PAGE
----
Ugliness and Judgment: On Architecture in the Public Eye (Hardback)
  • Ugliness and Judgment: On Architecture in the Public Eye (Hardback)
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Ugliness and Judgment: On Architecture in the Public Eye (Hardback)

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£27.00
Hardback 232 Pages / Published: 07/05/2019
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A novel interpretation of architecture, ugliness, and the social consequences of aesthetic judgment

When buildings are deemed ugly, what are the consequences? In Ugliness and Judgment, Timothy Hyde considers the role of aesthetic judgment--and its concern for ugliness--in architectural debates and their resulting social effects across three centuries of British architectural history. From eighteenth-century ideas about Stonehenge to Prince Charles's opinions about the National Gallery, he uncovers a new story of aesthetic judgment, where arguments about architectural ugliness do not pertain solely to buildings or assessments of style, but intrude into other spheres of civil society.

Hyde explores how accidental and willful conditions of ugliness--including the gothic revival Houses of Parliament, the brutalist concrete of the South Bank, and the historicist novelty of Number One Poultry--have been debated in parliamentary committees, courtrooms, and public inquiries. He recounts how architects such as Christopher Wren, John Soane, James Stirling, and Ludwig Mies van der Rohe have been summoned by tribunals of aesthetic judgment. With his novel scrutiny of lawsuits for libel, changing paradigms of nuisance law, and conventions of monarchical privilege, he shows how aesthetic judgments have become entangled in wider assessments of art, science, religion, political economy, and the state.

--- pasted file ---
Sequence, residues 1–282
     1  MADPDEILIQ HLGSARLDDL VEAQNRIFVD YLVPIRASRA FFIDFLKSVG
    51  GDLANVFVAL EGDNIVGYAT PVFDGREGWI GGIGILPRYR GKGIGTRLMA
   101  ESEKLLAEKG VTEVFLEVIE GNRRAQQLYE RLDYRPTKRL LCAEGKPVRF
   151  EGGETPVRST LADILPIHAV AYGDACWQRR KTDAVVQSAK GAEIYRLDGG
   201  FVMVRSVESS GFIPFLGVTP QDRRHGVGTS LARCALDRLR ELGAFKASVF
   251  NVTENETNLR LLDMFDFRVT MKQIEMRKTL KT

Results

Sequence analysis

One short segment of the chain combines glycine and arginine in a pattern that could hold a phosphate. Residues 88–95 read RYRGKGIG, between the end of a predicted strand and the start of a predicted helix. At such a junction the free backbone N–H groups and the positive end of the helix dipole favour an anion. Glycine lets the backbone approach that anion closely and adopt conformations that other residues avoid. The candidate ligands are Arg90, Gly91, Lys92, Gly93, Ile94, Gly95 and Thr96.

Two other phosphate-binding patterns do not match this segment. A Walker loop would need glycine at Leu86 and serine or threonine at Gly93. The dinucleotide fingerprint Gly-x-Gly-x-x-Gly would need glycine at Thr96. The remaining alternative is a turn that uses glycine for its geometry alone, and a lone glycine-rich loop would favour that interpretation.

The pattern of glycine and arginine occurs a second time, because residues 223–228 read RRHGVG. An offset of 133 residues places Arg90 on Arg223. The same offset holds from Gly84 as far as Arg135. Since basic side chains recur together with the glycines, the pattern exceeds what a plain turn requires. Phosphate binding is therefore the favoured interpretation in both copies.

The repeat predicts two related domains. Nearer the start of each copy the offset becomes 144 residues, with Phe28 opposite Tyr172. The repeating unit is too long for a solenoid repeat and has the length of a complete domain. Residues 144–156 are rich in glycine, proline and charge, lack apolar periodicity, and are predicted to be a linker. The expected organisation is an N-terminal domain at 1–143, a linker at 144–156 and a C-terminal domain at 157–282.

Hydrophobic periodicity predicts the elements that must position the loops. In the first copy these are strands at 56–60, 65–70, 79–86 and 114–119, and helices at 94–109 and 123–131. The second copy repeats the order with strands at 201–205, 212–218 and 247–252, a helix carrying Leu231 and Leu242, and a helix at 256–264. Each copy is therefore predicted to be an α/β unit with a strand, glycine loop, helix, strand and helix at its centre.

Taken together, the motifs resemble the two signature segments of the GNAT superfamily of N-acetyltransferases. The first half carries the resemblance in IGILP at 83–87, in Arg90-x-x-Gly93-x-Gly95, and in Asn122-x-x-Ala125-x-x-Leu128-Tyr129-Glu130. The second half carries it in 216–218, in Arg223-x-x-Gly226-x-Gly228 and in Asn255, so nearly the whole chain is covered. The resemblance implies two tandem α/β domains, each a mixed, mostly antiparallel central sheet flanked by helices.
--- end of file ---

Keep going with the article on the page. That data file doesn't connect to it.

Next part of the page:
Moving beyond superficialities of taste in order to see how architectural improprieties enable architecture to participate in social transformations, Ugliness and Judgment sheds new light on the role of aesthetic measurement in our world.

Publisher: Princeton University Press
ISBN: 9780691179162
Number of pages: 232


MEDIA REVIEWS
"Using selected episodes from English architectural history since the early eighteenth century, Hyde examines the ways in which architecture, as both a product and practice, has been evaluated against judgments of ugliness within wider external structures: in law, governance, the architectural profession, and the Church of England. In its aim and scope, Ugliness and Judgment represents a strikingly original contribution to the field."--Christine Stevenson, author of The City and the King: Architecture and Politics in Restoration London
"Wholly original in its approach, this book explores the roles of the judgment of ugliness in British architectural discourse and social debates from the eighteenth through twentieth centuries. Ugliness and Judgment is a superb piece of scholarship, opening up new ways, through the lens of ugliness, to understand and connect a whole range of canonical figures, buildings, and themes."--Daniel M. Abramson, author of Obsolescence: An Architectural History

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